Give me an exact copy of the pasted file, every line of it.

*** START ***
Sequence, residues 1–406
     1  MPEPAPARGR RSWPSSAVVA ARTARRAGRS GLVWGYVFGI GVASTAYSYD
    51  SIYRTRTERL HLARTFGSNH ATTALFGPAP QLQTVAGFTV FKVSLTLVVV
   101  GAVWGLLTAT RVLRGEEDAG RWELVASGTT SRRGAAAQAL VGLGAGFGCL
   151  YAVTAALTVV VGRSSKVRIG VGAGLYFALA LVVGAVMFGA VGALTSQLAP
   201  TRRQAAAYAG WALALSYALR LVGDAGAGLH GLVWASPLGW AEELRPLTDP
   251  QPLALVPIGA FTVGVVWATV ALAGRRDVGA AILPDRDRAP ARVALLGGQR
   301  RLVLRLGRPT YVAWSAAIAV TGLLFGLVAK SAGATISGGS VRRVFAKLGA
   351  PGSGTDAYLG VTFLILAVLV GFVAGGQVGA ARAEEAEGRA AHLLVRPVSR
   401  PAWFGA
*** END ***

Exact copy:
Sequence, residues 1–406
     1  MPEPAPARGR RSWPSSAVVA ARTARRAGRS GLVWGYVFGI GVASTAYSYD
    51  SIYRTRTERL HLARTFGSNH ATTALFGPAP QLQTVAGFTV FKVSLTLVVV
   101  GAVWGLLTAT RVLRGEEDAG RWELVASGTT SRRGAAAQAL VGLGAGFGCL
   151  YAVTAALTVV VGRSSKVRIG VGAGLYFALA LVVGAVMFGA VGALTSQLAP
   201  TRRQAAAYAG WALALSYALR LVGDAGAGLH GLVWASPLGW AEELRPLTDP
   251  QPLALVPIGA FTVGVVWATV ALAGRRDVGA AILPDRDRAP ARVALLGGQR
   301  RLVLRLGRPT YVAWSAAIAV TGLLFGLVAK SAGATISGGS VRRVFAKLGA
   351  PGSGTDAYLG VTFLILAVLV GFVAGGQVGA ARAEEAEGRA AHLLVRPVSR
   401  PAWFGA